So, finally, the correct way to talk about this change is "Wizards of the Coast is making official rules for people who like playing the game differently."

I never played any previous editions of D&D, and I don't know what traumatic experiences you older folks had playing 3e or whatever edition scarred you into your deep hatred of powergamers. I know that I like making powerful characters, because D&D is supposed to be a game where the characters are the heroes that save the world. I also like numbers and math, so that helps me play in the way that I like.

Please be more respectful to people who actually enjoy playing the game and are excited for the new change, because it allows us to play a certain way. I like playing strong characters, and I like picking races that don't punish me for playing a different way than the race is intended. My playstyle isn't wrong just because you personally don't like that way of playing.
 




Azzy

Newtype
If it's not in the rules posted than it has not happened yet. I can only go by the rules they've made, and not by the rules that they say that they are purportedly going to make at some undisclosed future time.

I just checked the erratta to Volo's Guide to Monsters on the WOTC site, and the Kobold Strength penalty had not yet been changed.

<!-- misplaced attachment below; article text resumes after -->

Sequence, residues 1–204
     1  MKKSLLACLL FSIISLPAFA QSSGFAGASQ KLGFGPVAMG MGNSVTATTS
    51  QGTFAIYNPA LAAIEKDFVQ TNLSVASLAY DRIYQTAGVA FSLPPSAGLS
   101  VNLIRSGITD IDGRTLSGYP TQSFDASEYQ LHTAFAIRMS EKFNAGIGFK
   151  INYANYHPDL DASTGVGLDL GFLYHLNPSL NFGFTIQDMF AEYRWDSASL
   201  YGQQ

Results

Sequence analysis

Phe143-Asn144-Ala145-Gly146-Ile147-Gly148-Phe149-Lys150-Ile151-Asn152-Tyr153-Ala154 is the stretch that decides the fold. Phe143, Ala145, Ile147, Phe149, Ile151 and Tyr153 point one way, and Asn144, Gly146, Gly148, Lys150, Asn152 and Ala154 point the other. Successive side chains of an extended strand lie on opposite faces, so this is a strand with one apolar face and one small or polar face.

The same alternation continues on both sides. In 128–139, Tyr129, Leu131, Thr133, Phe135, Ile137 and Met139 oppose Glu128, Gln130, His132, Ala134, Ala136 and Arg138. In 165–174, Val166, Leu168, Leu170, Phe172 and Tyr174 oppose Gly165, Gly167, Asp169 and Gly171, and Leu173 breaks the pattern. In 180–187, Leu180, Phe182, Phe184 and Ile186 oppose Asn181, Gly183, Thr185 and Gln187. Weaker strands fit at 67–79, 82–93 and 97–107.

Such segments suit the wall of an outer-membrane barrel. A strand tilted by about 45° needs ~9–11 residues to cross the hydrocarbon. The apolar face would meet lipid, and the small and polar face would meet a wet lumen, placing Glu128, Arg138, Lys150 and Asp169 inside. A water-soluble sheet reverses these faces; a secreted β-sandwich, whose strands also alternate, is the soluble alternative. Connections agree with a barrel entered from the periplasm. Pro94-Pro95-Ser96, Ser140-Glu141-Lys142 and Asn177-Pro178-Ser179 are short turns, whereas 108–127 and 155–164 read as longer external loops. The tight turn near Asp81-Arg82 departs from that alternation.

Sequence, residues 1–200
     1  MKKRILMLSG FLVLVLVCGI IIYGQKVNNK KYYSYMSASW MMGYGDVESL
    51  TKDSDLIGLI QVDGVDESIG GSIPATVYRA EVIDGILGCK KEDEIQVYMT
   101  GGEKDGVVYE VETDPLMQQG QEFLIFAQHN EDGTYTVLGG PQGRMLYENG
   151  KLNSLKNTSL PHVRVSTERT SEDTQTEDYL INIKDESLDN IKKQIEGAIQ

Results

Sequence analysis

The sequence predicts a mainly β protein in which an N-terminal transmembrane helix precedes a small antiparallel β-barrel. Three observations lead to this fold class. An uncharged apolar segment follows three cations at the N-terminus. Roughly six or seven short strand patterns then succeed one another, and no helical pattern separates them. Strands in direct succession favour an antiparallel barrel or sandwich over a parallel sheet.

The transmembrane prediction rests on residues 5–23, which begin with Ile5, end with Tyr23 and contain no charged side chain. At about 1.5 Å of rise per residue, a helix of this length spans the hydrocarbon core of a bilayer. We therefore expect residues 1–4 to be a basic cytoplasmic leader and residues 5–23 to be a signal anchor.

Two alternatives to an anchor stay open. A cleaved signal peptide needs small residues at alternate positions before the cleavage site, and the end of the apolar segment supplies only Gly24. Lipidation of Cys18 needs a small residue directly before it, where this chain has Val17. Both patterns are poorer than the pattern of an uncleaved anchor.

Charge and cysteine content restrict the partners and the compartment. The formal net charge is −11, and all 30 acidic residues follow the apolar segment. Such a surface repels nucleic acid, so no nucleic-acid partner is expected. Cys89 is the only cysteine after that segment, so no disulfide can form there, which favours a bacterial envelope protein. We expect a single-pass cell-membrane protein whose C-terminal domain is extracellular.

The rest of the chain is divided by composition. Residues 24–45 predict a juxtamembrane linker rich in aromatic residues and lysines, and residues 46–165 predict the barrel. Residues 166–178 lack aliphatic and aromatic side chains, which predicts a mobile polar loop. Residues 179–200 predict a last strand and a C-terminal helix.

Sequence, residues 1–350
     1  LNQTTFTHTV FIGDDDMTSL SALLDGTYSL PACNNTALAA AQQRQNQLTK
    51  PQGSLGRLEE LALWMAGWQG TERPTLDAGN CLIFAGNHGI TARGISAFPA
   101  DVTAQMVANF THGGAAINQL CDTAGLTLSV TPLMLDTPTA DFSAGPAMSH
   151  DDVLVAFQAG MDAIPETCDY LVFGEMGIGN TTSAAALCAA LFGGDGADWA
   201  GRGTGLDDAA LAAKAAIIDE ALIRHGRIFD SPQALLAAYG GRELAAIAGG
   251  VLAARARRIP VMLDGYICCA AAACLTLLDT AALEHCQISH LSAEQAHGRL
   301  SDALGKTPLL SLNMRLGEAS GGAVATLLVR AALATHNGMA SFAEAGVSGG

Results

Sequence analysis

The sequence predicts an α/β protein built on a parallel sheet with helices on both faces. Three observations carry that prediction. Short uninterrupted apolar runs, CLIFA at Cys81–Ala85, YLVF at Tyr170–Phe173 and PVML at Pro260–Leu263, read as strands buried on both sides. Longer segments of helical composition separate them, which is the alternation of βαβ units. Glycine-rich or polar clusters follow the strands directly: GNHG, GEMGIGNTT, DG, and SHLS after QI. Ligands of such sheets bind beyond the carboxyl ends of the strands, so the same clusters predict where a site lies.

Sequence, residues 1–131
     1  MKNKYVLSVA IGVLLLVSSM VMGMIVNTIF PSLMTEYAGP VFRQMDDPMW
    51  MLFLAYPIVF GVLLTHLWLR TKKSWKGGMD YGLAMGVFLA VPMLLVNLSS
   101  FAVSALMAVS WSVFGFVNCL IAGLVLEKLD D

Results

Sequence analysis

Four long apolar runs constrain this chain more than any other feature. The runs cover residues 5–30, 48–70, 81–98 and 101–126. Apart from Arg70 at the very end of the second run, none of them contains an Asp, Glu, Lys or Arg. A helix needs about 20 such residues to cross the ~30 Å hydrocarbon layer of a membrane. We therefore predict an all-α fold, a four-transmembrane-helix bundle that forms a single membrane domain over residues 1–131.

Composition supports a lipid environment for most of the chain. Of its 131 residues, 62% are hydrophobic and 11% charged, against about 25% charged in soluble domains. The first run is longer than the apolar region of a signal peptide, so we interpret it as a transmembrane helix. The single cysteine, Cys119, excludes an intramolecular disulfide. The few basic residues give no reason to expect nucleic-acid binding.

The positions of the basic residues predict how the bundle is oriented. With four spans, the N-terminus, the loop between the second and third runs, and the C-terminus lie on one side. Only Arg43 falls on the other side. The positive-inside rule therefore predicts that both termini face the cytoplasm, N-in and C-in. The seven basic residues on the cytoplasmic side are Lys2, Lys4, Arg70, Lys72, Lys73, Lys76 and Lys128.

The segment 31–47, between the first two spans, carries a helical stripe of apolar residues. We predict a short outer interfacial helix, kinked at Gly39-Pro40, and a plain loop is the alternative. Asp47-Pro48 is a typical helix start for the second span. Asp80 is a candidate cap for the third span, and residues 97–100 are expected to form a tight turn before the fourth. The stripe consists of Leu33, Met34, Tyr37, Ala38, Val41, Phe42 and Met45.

Since kobolds (and other penalized races) aren't an option to play in this AL season (in which these rules are to be used), I'd say that they this is pretty irrelevant at this point. While the errata for them and other ASI-penalty races are not out yet, neither is Tasha's (which will bring these rules—or a version thereof—to the general player base). It will only be if those races aren't errata'd by the time Tasha's comes out that this concern will become relevant. If you want to adopt these rules for non-AL games before the errata comes out, you'll have to find a solution to this issue for yourself.
 

MGibster

Legend
A few people have said things along the lines of "this is pandering for min-maxers/munchkins" or some other claim like that. This post is meant to debunk that.
I think it's unfair for folks to accuse WotC of pandering. To pander is to indulge someone in an immoral desire of some sort. While I'm not too keen on the a la carte character generation myself, I can't see how preferring it is immoral or wrong in some way. Responding to what some of your customers want isn't always pandering.
 


Azzy

Newtype
Aside from this tempest in a teapot (as a previous poster aptly put it), no one has mentioned that these AL guidelines don't include the options from SCAG.

It seems like an odd decision. I wonder if there's something more to take away from that.
 

Ancalagon

Dusty Dragon
Ok, what is this about only variant humans being played? I've played plenty of baseline humans...

When you roll your scores and randomly get a bunch of odd scores... it makes a big difference.
 

Maxperson

Morkus from Orkus
I think it's unfair for folks to accuse WotC of pandering. To pander is to indulge someone in an immoral desire of some sort. While I'm not too keen on the a la carte character generation myself, I can't see how preferring it is immoral or wrong in some way. Responding to what some of your customers want isn't always pandering.